The Obama campaign has gone on the offensive against a multi-million dollar ad campaign by the American Issues Project, a conservative group tying the Democratic candidate to Bill Ayers, a one-time leader of the Weather Underground.
This new ad from the Obama campaign asks why John McCain is "talking about the '60s" — a direct message that he's ignoring current problems and a subtext that he's stuck in the past.
And because this is a campaign finance issue, there's also action on the legal front. Obama's lawyer Robert Bauer has done what lawyers do — dispatch letters, both to the Justice Department, demanding an investigation of the American Issues Project, and to stations running the ads. The letters were first reported by Politico .
In a small bit of irony, the letters from Bauer resemble an attack he mounted against the American Leadership Project, a 527 group that backed Hillary Clinton in the primaries and attacked Obama. It's ironic because ALP is now going after McCain on Obama's behalf.
Odder, perhaps, is this gap in Bauer's research, and what it shows about the inner workings of independent political operations.
In an Aug. 21 letter to station managers, Obama's attorney Bob Bauer writes, "There is no 'American Issues Project.' It is not incorporated anywhere...Its name is only a front to hide the true sponsors of this base and mendacious attack, and FCC regulations do not permit a shadowy front group to claim sponsorship of political advertising."
Apparently the Obama legal team did not look in the home state of Obama's running mate, Joe Biden. The American Issues Project does indeed exist, and Delaware, a popular spot for business incorporations, is where it's incorporated.
The story gets stranger from here. AIP was originally incorporated in May 2007 under the name Citizens for the Republic, according to Delaware filings.
The original directors of Citizens for the Republic were Paul Erickson, Richard Sharp, and Stephen Moore, founder of the Club for Growth and current member of the Wall Street Journal editorial board . Erickson (who served on the National Faith and Values Steering Committee for Mitt Romney's campaign in this year's GOP primaries) told us that CFTR — named after a group run by Ronald Reagan in the 1970s — was formed to push a conservative, free-market issues agenda, but never got off the ground.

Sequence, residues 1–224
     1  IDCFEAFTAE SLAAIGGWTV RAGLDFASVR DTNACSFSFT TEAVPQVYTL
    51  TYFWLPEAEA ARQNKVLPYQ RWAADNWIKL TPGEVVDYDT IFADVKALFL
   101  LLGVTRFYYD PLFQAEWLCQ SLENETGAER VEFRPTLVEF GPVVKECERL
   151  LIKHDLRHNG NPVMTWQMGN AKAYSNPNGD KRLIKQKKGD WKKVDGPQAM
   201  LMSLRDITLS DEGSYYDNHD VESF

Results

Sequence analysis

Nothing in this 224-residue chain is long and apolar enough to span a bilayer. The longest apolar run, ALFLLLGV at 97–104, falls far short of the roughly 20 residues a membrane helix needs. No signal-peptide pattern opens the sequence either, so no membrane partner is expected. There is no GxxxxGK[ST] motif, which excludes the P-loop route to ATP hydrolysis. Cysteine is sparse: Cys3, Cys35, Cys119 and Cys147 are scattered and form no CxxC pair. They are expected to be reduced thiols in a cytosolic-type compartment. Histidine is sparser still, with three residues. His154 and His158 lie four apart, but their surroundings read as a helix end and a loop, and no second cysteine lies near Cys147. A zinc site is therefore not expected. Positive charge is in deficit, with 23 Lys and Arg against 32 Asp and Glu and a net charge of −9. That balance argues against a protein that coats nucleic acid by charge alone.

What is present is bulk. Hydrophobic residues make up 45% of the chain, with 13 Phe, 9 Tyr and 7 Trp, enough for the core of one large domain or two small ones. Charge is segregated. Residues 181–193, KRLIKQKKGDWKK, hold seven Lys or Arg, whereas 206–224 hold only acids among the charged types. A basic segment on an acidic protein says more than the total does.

Records show that CFTR changed its name to Avenger Inc. earlier this year, and then to American Issues Project just this month.
Erickson says Avenger Inc. was just a placeholder name, and that CFTR has nothing to do with American Issues Project. He said AIP has completely separate leadership and simply used the corporate "shell" of Citizens for the Republic after it disbanded. As to why AIP would take the corporate shell instead of forming a new one, Erickson said he could only guess that there were cost savings involved.
Odd that a group flush with some $3 million would have to cut corners like that. Perhaps another benefit was that Citizens for the Republic already had received 501(c)(4) nonprofit tax status from the Internal Revenue Service.
Inheriting 501(c)(4) status from the get-go would allow American Issues Project to claim a special exemption and do what few other political organizations can do: expressly advocate for the defeat of a candidate, namely Obama, without any contribution limits. At least that's what a Washington lawyer who specializes in nonprofits tells us.
The group would still eventually have to prove to the IRS that it stayed within the rules of its tax-exempt status. But it would start out golden.
Of course, the Obama campaign says that AIP is not playing by the rules of a 501(c)(4). Bauer's letter to John Keeney, deputy assistant attorney general at DOJ's criminal division, says that AIP is operating as a political action committee and ought to be constrained by the same contribution limits. Donors to PACs are limited to $5,000. One donor, Texas businessman Harold Simmons, put up $2.8 million for the ads.
UPDATE: Politico has AIP's response to the Justice Department. Interestingly, the group's lawyer, Cleta Mitchell, is the same one who registered Citizens for the Republic as a 501(c)(4) with the IRS.